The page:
Unspoken Conversations are the topics that are often swept under the carpet, whispered amongst the closest of friends and bitched about by many. I want to create awareness about difficult things that people face in life; grief, mental health, money, illnesses, family troubles, relationship difficulties and putting yourself first. I want to tell the truth about things that really matter.

Sunday, 12 August 2012

Could you be a childcare worker?



Tegan with one of the children that she used to care for.



Today I welcome my little sister Tegan to the world of blogging. My "little" sister is not so little anymore. She's 22, is about to get married (I have to add that because I'm just SO excited), she's completed her Diploma in Childrens Services at SUNRASIA INSTITUTE OF TAFE after studying for 2 years and is now a Team Leader at a child care centre.

I am constantly amazed to hear the expectations and amount of time and effort that child care workers place into creating a warm and fun learning environment which fosters the needs of children from all different cultural backgrounds including children with additional needs. 

Having worked at an Out Of School Hours Care facility during university, I know just how demanding and tiring entertaining children can be.

I take my hat off to child care workers and I honestly believe that they deserve to be paid more. After all, they look after our future generations at an age where they are like little sponges ready to learn! 

Would you want their job? 

Ps - Teegs refers to Child Care Workers as 'educators' in this blog :) I guess that is the technical term for them - and rightly so!

 
There is no job more important than yours,
no job anywhere else in the land.
You are the keepers of the future:
you hold the smallest of hands.
Into your care you are trusted
to nurture and care for the young,
and for all of your everyday heroics,
your talents and skills go unsung.
You wipe tears from the eyes of the injured.
You rock babies brand new in your arms.
You encourage the shy and unsure child.
You make sure they are safe from all harm.
You foster the bonds of friendships,
letting no child go away mad.
You respect and you Honor their emotions.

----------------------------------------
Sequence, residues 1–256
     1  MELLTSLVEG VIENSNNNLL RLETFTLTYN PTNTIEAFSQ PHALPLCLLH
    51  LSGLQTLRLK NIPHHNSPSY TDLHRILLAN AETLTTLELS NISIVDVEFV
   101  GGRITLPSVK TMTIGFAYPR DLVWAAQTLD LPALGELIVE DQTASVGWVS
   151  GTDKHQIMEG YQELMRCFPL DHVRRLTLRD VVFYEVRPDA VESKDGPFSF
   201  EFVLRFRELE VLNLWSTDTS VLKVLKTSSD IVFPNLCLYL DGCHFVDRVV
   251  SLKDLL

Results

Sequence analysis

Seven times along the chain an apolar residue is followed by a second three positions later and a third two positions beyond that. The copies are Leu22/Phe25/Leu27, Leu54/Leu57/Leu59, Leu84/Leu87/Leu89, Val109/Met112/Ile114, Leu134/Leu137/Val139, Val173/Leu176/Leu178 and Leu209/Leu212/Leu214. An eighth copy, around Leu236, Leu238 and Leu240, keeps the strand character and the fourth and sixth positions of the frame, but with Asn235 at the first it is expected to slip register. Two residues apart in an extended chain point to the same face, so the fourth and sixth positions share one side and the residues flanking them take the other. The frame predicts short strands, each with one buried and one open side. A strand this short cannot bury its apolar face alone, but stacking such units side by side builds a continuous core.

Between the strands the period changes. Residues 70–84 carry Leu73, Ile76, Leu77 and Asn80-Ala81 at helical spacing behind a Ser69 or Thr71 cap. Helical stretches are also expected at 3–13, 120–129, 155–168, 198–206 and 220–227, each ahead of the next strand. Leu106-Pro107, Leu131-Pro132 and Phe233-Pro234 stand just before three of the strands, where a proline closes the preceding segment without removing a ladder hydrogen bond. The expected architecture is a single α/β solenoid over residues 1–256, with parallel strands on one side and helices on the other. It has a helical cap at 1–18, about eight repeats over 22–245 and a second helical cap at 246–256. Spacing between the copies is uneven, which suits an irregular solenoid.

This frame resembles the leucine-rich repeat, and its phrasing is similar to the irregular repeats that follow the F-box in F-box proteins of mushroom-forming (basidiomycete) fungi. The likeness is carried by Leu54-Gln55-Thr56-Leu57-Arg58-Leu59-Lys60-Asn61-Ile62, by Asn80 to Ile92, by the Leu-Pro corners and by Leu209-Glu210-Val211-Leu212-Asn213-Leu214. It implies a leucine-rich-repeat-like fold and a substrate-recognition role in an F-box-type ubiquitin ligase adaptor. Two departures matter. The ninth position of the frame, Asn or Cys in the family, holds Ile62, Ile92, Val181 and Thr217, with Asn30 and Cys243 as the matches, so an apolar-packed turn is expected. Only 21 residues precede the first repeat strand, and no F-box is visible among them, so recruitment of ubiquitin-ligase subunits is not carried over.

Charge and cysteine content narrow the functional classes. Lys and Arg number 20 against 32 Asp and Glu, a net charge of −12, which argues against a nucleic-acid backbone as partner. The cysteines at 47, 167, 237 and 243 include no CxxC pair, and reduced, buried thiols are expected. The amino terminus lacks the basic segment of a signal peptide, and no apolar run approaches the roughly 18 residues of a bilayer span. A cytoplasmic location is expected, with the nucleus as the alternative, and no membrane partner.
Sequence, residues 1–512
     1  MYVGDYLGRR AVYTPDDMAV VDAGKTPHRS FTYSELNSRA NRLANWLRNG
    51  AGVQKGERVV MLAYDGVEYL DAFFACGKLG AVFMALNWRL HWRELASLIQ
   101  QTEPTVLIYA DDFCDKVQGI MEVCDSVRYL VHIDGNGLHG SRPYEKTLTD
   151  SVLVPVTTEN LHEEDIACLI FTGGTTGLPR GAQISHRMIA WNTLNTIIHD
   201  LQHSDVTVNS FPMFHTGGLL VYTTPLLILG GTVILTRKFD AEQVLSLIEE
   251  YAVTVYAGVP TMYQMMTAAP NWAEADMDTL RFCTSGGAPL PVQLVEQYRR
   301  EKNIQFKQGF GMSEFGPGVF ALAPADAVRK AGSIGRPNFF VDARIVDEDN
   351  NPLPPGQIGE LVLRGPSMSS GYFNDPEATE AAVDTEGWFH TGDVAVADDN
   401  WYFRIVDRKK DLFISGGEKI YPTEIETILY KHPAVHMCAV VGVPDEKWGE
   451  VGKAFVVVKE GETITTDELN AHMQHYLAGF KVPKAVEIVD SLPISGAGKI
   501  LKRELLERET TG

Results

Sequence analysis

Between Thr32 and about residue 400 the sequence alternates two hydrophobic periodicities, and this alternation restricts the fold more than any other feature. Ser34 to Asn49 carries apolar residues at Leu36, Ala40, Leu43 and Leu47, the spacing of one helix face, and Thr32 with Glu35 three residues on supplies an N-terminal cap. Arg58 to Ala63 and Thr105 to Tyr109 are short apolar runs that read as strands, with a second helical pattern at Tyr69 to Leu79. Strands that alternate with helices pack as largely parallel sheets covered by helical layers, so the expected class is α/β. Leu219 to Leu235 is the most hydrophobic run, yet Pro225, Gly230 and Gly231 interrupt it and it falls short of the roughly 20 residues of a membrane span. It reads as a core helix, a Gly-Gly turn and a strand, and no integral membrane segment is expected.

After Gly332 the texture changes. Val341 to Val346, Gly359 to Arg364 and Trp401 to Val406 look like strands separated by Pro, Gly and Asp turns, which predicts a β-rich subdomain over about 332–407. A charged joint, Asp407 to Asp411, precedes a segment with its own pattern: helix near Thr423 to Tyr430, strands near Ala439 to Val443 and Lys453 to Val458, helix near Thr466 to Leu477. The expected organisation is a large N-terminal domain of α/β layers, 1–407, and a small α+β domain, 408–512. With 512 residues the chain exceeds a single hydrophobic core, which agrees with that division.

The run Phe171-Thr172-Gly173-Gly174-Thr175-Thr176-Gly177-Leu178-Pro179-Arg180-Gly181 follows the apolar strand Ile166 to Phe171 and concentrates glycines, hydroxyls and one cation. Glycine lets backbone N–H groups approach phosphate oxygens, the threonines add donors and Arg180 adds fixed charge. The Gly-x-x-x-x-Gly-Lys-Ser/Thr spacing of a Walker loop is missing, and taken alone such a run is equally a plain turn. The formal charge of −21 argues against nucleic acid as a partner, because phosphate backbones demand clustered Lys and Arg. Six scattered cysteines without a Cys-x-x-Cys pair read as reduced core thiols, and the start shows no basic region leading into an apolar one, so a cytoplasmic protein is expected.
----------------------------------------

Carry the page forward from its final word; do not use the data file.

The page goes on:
You give hugs to each child when they're sad.
You have more impact than does a professor,
a child's mind is molded by four;
so whatever you lay on the table
is whatever that child will explore.
Give each child the tools for adventure,
let them be artists and writers and more;
let them fly in the wind and dance on the stars
and build castles of sand on the shore.
It is true that you don't make much money
and you don't get a whole lot of praise,
but when one small child says, "I love you,"
you're reminded of how this job pays.

What do you think are the most important roles and responsibilities of a child care worker?

 
On a daily basis, educators interact and communicate with parents on arrival and departures. Child care staff administer medication to children in need, open our arms up to them when they are sad, comfort them when they feel ill, apply first aid when they have a boo boo and help to dress them when they are in need of support. 

As Educators, we provide opportunities and experiences for the children to explore, discover, experiment, create, communicate, imagine, pretend, make and build bonds with their peers and educators to further their development and emerge their skills. Children learn best through play.              

Each month, our centre comes together after closing hours, for trainings, team meetings, room meetings and Team Leader meetings (just the team leaders, director & assistant director). We are also encouraged to attend trainings on Saturdays from time to time.
 
As Educators; our job is to support, encourage & assist children to the best of our knowledge & abilities to provide high quality care.


Tegan's story - a day in the life of a child care worker.


I walk into the Toddler’s room & greet all the educators & children a good morning. I put my belongings away & check the role list to count how many children we have at that minute, that all the children there have been signed in & how many we are expecting for the morning session and then the afternoon. I check the toddler communication diary to see if there are any messages to be passed on. I then scan the program on the wall to see if there are any children whom need observing or implementing and evaluating for the day ahead.